TW suicide
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I had past suicide attempts in first year and self harm got quite out of control. Something needed to change and that was my hamster. He has really helped keep me safe
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CoolCavy
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(Original post by Leviathan1741)
I didn't get on very well with my first mentor who didn't really understand me, so I've been very lucky in being able to switch to her
Same story here :yes: my first mentor told me that i didnt look like i had bpd (did she want me to stagger in with vodka bottles or something whilst injecting drugs lol) so that was her jettisoned. This year's mentor is much better
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Pathway
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I've had mental health issues since I was a kid (~age 4) and have been diagnosed with complex PTSD, anorexia nervosa, enduring personality changes after catastrophic experiences, depression and generalised anxiety disorder. All of these issues affect me pretty severely and have done since I was little.

All of them combined (along with physical health issues (Ehlers-Danlos Syndrome and comorbid problems) and personal issues (e.g. my best friend killing herself and my mum getting cancer) almost caused me to drop out in my final year. However, at unviersity I had a lot of input. I was under a specialist mental health team (SMHT) for people that have history of severe complex trauma with complex presentations, had access to a specialist mental health mentor provided by DSA, had an extended amount of counselling before starting specialist therapy with my old SMHT and had a disability support worker - she was primarily for my physical health issues, but also helped with issues related to my mental health. My GP at university was outstanding as well. I owe my degree to them tbh. I graduated with a first class in psychology despite everything that was going on.
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Anonymous #2
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not sure how useful the poll is when naturally most people who click on this thread are those who have experienced mh problems
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Anonymous #2
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and even people who haven't who still click on this thread are unlikely to even click no because it's 'mainstream' and 'uninteresting' (not necessarily their conscious thoughts but at least subconscious)
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-Eirlys-
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I had severe anxiety a couple of years ago and it alleviated with medication. Anxiety runs in my family and I'm starting to get symptoms again, likely caused by the stress of university. I seem to feel stressed every month. :lol: I am studying mental health ironically and I know that stress can alter the brain and lead to depression/anxiety which would explain why it's cropping up again, as well as it being genetic and my brain is likely predisposed to anxiety.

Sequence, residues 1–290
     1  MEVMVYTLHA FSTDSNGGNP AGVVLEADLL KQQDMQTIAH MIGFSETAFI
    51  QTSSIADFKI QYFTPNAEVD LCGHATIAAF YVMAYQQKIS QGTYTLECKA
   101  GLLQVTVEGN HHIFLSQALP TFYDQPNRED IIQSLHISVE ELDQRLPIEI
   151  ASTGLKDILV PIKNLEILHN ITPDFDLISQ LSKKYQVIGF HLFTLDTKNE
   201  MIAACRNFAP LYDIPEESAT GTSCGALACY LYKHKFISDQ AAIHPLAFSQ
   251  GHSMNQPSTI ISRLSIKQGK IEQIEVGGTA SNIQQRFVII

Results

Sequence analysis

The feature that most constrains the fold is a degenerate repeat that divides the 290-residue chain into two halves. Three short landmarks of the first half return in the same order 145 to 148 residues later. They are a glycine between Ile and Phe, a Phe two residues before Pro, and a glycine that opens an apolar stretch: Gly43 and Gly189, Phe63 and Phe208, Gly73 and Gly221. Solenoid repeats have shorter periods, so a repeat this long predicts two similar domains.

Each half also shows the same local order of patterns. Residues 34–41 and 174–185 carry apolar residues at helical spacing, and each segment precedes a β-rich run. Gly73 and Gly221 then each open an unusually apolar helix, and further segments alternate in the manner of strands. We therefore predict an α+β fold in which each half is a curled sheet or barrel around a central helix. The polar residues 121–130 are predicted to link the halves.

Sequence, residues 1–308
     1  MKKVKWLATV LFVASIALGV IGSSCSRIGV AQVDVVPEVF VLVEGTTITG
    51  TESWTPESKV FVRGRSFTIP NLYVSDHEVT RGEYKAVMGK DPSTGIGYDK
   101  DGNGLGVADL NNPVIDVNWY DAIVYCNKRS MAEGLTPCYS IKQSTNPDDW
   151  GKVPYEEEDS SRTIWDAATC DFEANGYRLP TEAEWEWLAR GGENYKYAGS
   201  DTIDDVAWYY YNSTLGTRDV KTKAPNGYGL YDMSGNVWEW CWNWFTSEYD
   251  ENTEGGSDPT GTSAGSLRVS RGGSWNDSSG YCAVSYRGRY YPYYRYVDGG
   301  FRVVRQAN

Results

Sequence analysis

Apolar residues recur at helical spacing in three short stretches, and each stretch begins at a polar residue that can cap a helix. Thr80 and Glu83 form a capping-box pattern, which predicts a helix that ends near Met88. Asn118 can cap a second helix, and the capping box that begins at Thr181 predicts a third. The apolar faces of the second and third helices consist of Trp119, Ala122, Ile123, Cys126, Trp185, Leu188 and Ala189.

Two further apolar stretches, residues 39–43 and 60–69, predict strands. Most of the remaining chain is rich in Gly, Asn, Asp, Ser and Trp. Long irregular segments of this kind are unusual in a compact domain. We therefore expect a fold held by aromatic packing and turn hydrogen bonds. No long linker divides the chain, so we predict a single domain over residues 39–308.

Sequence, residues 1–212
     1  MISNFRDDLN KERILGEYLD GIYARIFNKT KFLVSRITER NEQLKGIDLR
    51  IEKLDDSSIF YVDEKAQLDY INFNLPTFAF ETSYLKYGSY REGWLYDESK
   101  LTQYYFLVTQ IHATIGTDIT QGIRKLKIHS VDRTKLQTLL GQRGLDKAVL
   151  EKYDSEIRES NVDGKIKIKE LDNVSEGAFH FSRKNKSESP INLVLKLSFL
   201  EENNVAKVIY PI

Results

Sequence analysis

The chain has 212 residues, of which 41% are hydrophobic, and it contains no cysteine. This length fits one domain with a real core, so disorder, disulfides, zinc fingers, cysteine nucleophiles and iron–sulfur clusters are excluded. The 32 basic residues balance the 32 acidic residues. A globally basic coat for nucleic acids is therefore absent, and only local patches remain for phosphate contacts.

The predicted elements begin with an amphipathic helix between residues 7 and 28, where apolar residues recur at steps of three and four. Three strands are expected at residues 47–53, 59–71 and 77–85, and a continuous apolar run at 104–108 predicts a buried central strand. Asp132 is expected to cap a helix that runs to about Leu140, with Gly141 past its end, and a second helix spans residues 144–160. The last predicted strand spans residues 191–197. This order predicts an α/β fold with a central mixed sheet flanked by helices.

I have had a tough time at home, have an unbelievably ridiculous assignment and my tutor was being an unhelpful ****. I had to deal with contacting student support and getting a new tutor which I'm glad has happened. I've had to ask for an extension because I can't get my head around my assignment.

I am very sensitive to stress unfortunately and it affects every aspect of my life, including my new relationship. I become distant and withdrawn and have an inability to feel any real emotion. I know I'm stressed but I don't know how to reduce it without getting on with my assignment, but when I'm not feeling too great, that's hard to do. I'm not in good health either and stress makes my health conditions worse so I have to deal with physical issues too. The last three days, I've been dealing with a migraine like headache which seems to be zapping all of my energy. Coupled with stress, it feels impossible to focus on my assignment.

With my anxiety, I can recognise that I'm being anxious/paranoid but I can't help it which is frustrating. It's showing itself more in my new relationship and I'm worried it's going to negatively impact it. It's not like 'he's going to cheat on me', it's more like I'm worried that I'm not good enough or he's getting fed up of me. I'm always asking him if he's still happy with me and I read into everything he does and think it's a negative sign. It doesn't help that he's a very chill person and I'm on the other end of that spectrum! :lol: It seems when he shows/says explicitly that he cares for me, that gives me a huge boost and reassurance. That's the thing, I need reassurance up to a point otherwise I overthink everything. I try my best to communicate with him because he usually gives me a logical reason for why something happened and that eases my mind. I wouldn't want to jump to a conclusion, believe it and take it out on him! I think I'll be seeing a doctor again soon and to ask for meds again. :\